March 5, 2018 Pestilence – Hadeon (Album Review)
The renowned Dutch technical Metal outfit Pestilence are back from their latest self-imposed break. After another sluice of lineup changes, the band has released Hadeon, thirteen tracks and nearly forty-minutes of an odd mixture of Thrash, Technical, and Death Metal. Originally released digitally in late January 2018, Hadeon now finds its way to physical CD on March 5, 2018, thanks to Hammerheart Records.
Originally formed with Patrick Mameli and Randy Meinhard on guitar, plus drummer Marco Foddis, the trio was soon joined by a young Martin van Drunen on bass and vocals. The band struggled to maintain a constant lineup; Meinhard left after one album, and van Drunen left after the second. Patrick Uterwijk replaced Meinhard on guitar, and Mameli assumed vocals along with his existing guitar slot. Tony Choy and Jeroen Paul Thesseling took turns playing bass, each recording one album on either side of a sixteen-year break. Stephan Fimmers (known for his work with Necrophagist) also took a turn at bass, and Tim Yeung headlined a rotating group of drummers.
For this new album, Mameli is joined by Drummer Septimiu Hărşan, Bassist Tilen Hudrap, and Guitarist Santiago Dobles, who is replacing long-time member Meinhard. In keeping with the well-worn Pestilence member carousel, Dobles has already been replaced by Calin Paraschiv after recording.
“Unholy Transcript” reads like the dark rumblings used to stir an ancient being out from slumber; there is almost a Nile styling here. The track quickly bows out in favor of “Non Physical Existent,” a serving of pounding Death Metal and relentless strength. The same progression repeats with only the slightest of variance, but the result stays brutal enough to keep the listener interested. Alternating guitar solos snake off near the end of the track. Much later on the album, “Layers of Reality” appears using a similar formula.
The first single from the album, “Multi Dimensional,” also follows this formula: pounding Death Metal with a clear path and an almost circus-like beat that revolves in search of a proper destination. Just when the track feels ready to fade off, some impressive solo guitar work takes over. A few tracks later, “Materialization” falls into this same trap; a straight-ahead hit to the jugular that ultimately leaves its technical aspects wanting; with strong solos slammed between pedestrian rhythm portions.
“Oversoul” is an extremely busy track; somehow everything from the metal shelf ends up making an appearance here, from Grind to Death to Thrash, with dusty technical portions that start with promise before falling awkwardly back to the pack. This track could be the one that stands to represent the album as a whole: complex rhythms shoe-horned next to each other with no common thread other than the overworked vocals of Mameli. “Astral Projection” includes an odd robotic voice for its verses, with plenty of space for organic technical playing that never materializes. Also largely forgettable is “Discarnate Entity”; airy guitar work serves as an introduction to a track that shares its siblings’ cries for advanced playing and musical technicality. As with earlier tracks, a decent guitar solo plays out to save the day.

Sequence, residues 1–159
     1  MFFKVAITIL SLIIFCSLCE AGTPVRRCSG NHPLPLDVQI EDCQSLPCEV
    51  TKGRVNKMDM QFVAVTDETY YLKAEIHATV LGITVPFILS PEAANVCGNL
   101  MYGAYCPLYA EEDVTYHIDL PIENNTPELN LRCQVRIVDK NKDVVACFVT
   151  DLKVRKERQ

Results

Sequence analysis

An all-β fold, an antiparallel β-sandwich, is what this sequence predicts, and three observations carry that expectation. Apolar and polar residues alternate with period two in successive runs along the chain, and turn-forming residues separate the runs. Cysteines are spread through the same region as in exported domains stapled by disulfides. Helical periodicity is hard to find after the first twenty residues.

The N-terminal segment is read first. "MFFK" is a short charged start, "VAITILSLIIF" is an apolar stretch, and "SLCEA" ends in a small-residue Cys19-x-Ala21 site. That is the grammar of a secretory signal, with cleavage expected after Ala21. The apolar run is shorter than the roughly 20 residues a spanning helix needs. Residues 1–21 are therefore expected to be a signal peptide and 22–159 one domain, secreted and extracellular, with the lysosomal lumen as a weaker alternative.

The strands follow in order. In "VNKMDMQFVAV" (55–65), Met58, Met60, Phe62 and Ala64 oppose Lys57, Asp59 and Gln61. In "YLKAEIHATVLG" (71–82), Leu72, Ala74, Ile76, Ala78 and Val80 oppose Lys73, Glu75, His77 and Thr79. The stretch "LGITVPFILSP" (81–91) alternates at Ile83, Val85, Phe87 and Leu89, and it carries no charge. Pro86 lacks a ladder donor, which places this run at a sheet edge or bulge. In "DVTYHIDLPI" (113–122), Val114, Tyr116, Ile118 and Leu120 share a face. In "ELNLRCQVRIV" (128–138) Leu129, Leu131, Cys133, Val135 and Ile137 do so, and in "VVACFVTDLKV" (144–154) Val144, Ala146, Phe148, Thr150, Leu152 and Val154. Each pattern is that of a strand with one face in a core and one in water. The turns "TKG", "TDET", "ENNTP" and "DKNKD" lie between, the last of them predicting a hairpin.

New bassist Tilen Hudrap shines brightly on “Subdivisions,” in what is billed as the first solo bass outing on a Pestilence record since Thesseling recorded “Phileas” for Spheres. This track is crisp enough that it could easily make its way onto a Windham Hill compilation. Hudrap continues his talented work on the track “Manifestations”; the album could have begun with these two cuts and branched out with stronger material. The next track, “Timeless,” attempts to do just that, but unfortunately these few middle tracks end up as lonely beacons of direction before the confused monotony returns. “Ultra Demons” is another jaunty track that hits all of the technical ingredients, including robotic vocals, dashing guitar solos, and classical progressions, but the track as a whole is a bookend of filler.
This album is full of decent individual tracks including some absolute gems, particularly “Manifestations,” the two singles “Multi Dimensional” and “Non Physical Existent,” and the rollicking closer “Electro Magnetic.” However, overall there is little in the way of a clear narrative, and the album ends up being less than the sum of its parts (and its endless influx of new members). A largely flat mix does little to showcase any of the skill on the album, save for the guitar and bass solos near the center of the track-listing; the resulting tone leaves the chord and tempo changes a little too muddy to fully appreciate.
After countless lineup changes and numerous breaks, Pestilence may be returning to the strong footing of their early career. There are some great ideas mixed in here, but the execution and arrangement of Hadeon leaves the listener wanting a bit more. While even Technical Metal should never be too polished, the tracks here sound a bit too disjointed. For these reasons, Cryptic Rock gives Hadeon by Pestilence a 3 out of 5.